The Liquid Rooms is jam-packed this evening, long since sold out for TuNe-YaRdS’ hotly anticipated (and only) Scottish date on an expansive, continent-hopping Spring tour.
It was eight years ago when I last saw the band perform live, then as a two-piece, at the old Captain’s Rest in Glasgow: there, songwriter Merrill Garbus and longtime partner Nate Brenner embodied the post-folkier aspects of TuNe-YaRdS’ output, with instruments looped atop one another in a patchwork fashion and a rough haze around the edges of everything.
Tonight’s set marks a real shift into heavier sonic territory, not only through the addition of very competent live drummer Hamir Atwal, but via the harder dynamic edge of the electronic beats, razor-sharp synths and pounding drum machines – barely distinguishable from house and techno at points.
Garbus has always been an intuitively rhythmic songwriter; her dizzying, melismatic vocal loops foregrounding the voice as rhythm instrument every bit as much as a melodic one.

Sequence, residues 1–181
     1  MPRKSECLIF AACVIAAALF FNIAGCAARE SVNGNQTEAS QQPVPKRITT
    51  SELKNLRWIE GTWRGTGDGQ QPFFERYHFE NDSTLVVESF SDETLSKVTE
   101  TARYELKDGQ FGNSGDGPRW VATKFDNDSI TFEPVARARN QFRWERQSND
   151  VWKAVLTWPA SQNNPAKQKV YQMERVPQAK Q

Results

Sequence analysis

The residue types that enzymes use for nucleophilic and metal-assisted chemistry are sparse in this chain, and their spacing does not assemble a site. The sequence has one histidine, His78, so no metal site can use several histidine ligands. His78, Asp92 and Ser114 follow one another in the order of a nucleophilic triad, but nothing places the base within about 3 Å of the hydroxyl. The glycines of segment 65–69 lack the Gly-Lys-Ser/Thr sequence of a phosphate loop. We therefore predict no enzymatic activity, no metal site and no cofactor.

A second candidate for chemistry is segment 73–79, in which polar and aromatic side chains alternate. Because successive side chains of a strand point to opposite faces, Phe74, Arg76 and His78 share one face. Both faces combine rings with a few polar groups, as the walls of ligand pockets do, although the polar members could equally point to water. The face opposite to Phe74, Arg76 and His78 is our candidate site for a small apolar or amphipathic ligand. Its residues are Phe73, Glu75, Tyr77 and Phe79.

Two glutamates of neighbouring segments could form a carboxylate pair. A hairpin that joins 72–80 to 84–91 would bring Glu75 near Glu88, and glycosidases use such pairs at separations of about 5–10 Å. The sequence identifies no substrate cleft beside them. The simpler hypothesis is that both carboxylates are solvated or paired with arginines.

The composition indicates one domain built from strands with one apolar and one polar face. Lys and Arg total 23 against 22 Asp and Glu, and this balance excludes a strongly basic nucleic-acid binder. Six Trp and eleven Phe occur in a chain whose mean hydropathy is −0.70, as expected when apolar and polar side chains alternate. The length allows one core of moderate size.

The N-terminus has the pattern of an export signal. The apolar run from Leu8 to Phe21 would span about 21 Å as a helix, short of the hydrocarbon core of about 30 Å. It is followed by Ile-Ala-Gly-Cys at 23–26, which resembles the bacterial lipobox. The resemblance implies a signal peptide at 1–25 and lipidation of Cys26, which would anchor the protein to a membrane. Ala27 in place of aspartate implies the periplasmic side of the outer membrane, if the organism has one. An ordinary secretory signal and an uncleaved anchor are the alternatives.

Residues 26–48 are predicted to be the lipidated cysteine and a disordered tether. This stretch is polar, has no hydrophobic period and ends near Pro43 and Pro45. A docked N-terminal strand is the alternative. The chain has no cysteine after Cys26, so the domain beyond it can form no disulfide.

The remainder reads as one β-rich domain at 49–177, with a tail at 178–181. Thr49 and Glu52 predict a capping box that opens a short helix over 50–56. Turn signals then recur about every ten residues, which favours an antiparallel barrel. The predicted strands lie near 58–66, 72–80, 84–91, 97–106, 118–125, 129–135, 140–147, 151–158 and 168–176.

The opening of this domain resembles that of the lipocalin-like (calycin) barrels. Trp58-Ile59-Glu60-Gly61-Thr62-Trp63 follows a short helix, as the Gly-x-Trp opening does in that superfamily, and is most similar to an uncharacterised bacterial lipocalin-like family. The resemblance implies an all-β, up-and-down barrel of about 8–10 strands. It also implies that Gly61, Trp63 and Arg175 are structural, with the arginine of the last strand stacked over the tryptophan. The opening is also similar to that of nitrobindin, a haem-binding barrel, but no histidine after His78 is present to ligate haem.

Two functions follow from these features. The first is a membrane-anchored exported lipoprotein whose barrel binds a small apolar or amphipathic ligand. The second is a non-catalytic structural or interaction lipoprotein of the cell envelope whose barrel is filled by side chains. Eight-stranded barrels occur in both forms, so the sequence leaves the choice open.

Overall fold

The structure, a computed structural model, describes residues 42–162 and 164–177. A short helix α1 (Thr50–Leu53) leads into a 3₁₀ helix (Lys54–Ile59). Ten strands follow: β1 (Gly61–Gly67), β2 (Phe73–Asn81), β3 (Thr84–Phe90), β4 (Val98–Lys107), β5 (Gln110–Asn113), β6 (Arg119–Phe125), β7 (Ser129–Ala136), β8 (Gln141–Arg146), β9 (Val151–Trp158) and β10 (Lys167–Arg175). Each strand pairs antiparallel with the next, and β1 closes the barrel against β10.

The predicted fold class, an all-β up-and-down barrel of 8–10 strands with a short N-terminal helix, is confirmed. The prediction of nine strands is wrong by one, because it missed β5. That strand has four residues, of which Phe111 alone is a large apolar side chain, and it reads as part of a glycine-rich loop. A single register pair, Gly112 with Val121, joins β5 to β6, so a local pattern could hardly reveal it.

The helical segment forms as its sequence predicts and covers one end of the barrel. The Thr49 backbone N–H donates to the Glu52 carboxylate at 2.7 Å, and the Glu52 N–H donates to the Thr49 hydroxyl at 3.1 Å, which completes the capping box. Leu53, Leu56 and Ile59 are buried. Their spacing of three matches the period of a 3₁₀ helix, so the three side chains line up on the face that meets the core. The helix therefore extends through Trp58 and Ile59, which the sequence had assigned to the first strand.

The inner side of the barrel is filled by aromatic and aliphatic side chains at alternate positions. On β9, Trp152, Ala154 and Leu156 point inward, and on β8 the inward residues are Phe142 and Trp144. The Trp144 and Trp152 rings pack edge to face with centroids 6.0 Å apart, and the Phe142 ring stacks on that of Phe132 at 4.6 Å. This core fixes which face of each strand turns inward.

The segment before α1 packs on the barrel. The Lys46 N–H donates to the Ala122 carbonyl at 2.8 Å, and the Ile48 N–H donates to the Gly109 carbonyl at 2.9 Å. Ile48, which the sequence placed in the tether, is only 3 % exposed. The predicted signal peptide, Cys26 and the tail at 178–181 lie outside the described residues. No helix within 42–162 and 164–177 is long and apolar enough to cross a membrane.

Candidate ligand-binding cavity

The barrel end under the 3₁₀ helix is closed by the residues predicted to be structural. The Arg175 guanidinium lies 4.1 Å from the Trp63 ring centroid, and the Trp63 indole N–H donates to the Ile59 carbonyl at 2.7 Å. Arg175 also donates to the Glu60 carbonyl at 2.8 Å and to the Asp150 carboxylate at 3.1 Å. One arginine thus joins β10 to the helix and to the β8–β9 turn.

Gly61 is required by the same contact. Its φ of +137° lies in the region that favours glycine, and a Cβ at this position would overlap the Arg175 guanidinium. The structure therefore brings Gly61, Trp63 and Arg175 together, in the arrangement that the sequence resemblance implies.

But, despite the heightened production values of their performance, the more interesting aspects of tonight’s set remain Garbus’ vocal loop breakdowns of old, such as on Time of Dark, a more organic affair, in which the listener feels their way around the slight misalignment of sounds, the organic click of foot on pedal, and creaks of the throat like cracks in a winding road.
While Atwal’s addition certainly ticks the boxes in terms of creating a fuller live ‘experience’, his playing is merely session-drummer tight, lacking the spontaneity or unpredictable qualities of Garbus’ musicality.
This is perhaps being over-critical: more of TuNe-YaRdS’ set sounds fantastic than not, with fan favourite Gangsta bringing the room up into a solid bounce. And Garbus herself is a mesmerising presence, dressed in a black jumpsuit – part funeral, part maximum security prison – with a loop of rope around her neck provocatively recalling a noose.
Tracks from latest LP, I can feel you creep into my private life, stand out; in particular Heart Attack, with its repeated, paradoxically euphoric refrain of ‘I’m only human’.
Garbus is an immensely talented human for sure, and at times her bandmates’ contributions complement her arrangements ideally. It’s just a bit of a shame that her very unique humanity is also overwhelmed on occasion by mechanical infringements.